As well as Linux software vendors, there are a growing number of hardware companies specializing in Linux. Penguin Computing Inc. of San Francisco, for example, offers a range of Linux servers based on Intel or AMD Opteron processors. They come with the software already installed, and they also provide compatible peripheral and storage options too.
Between Novell, Red Hat, Penguin and others, Linux has been made more accessible to small business. Further, the vendor community is more behind Linux than ever. Companies such as IBM, CA, HP, Dell and even Sun have rolled out a succession of Linux products. Many of these are aimed at the low end--basic servers and applications that small businesses can use. As a result, support is more readily available for Linux than ever before. Thus the operating system is finding its way into many more small businesses.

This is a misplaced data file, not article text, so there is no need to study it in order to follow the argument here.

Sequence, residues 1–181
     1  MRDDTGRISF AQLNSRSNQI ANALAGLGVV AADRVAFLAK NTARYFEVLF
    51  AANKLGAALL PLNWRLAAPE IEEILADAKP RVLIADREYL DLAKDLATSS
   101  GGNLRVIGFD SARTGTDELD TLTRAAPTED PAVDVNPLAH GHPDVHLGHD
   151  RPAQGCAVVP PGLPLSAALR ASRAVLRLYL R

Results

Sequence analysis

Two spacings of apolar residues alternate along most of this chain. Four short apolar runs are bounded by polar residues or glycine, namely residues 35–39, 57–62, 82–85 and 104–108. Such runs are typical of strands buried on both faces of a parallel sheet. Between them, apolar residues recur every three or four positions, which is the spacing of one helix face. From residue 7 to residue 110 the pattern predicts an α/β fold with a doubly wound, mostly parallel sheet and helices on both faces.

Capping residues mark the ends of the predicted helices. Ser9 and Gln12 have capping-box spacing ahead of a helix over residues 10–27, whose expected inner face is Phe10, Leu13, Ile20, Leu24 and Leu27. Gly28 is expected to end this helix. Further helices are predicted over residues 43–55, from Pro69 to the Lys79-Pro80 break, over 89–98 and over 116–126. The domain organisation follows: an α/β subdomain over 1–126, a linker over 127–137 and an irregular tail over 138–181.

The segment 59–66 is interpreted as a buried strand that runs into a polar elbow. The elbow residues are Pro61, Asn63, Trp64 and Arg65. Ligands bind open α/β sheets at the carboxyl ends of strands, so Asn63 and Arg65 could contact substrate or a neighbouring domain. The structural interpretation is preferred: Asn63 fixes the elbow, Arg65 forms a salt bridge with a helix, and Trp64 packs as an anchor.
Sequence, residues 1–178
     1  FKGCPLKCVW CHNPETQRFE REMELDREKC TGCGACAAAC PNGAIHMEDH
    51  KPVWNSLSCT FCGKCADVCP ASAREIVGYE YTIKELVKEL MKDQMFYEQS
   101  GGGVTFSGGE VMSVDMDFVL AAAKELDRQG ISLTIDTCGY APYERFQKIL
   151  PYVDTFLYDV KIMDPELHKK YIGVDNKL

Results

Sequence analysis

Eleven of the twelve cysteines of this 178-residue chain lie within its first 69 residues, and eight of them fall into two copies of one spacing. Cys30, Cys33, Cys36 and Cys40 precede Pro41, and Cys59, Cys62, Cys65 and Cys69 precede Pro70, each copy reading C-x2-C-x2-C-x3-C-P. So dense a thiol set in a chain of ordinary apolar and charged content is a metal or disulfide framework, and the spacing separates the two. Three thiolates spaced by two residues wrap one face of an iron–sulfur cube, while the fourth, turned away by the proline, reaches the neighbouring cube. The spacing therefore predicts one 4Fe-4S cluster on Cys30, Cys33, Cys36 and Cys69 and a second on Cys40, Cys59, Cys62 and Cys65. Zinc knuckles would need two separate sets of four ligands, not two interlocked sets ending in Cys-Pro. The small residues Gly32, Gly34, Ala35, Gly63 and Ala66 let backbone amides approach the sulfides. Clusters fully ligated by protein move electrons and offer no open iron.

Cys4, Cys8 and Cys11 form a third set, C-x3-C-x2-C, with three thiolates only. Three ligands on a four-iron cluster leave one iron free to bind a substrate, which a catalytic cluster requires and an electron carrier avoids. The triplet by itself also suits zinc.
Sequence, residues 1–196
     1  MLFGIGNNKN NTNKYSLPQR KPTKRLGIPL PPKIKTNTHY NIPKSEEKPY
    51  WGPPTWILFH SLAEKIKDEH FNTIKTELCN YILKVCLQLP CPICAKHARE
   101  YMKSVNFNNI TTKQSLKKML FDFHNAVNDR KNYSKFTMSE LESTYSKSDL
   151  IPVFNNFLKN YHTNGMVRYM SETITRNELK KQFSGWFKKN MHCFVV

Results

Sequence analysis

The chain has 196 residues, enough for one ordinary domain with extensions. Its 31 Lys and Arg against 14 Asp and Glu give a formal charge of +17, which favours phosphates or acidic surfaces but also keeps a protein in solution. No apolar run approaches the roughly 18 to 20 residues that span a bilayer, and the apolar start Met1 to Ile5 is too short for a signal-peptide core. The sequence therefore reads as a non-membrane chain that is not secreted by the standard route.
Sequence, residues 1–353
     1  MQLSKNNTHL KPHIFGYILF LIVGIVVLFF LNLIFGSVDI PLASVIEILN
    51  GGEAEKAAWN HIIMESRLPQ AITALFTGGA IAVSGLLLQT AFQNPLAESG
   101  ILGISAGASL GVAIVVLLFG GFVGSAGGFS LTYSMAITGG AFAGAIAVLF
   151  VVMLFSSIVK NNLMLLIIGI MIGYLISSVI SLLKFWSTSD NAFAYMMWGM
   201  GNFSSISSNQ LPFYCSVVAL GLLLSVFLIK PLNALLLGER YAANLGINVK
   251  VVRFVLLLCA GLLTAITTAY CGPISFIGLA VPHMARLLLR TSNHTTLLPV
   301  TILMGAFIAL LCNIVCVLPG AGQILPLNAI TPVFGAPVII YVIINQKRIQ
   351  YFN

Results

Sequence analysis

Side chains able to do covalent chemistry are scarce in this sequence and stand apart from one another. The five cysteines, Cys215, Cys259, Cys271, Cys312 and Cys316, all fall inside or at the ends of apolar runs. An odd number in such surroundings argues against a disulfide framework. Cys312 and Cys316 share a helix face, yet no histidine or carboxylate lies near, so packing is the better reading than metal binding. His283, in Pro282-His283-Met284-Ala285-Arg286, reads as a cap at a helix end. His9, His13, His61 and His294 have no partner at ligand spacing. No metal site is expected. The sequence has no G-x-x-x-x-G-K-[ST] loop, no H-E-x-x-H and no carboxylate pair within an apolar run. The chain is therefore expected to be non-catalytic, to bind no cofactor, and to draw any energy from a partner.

"With the right support, Linux and other open source solutions can give you excellent value for the price," says Antonopoulos. "However, there is a lack of widely available skilled Linux administrators compared to Windows."
To get around this issue, Nickolett suggests that small businesses focus on better-known brands of Linux in order to make life easier. "There is Linux expertise available locally in most areas, so one key to finding good support is to use well known products," he says. "Red Hat Linux is one of the more popular platforms, so it will be easier to find knowledgeable and reliable support."
Philip Pokorny, director of field engineering at Penguin Computing, however, suggests that any small business thinking of deploying Linux should secure an IT administrator who is comfortable with either UNIX or Linux. He feels that if the system administrator has only ever used Windows, that business is not a good candidate for an immediate migration to Linux.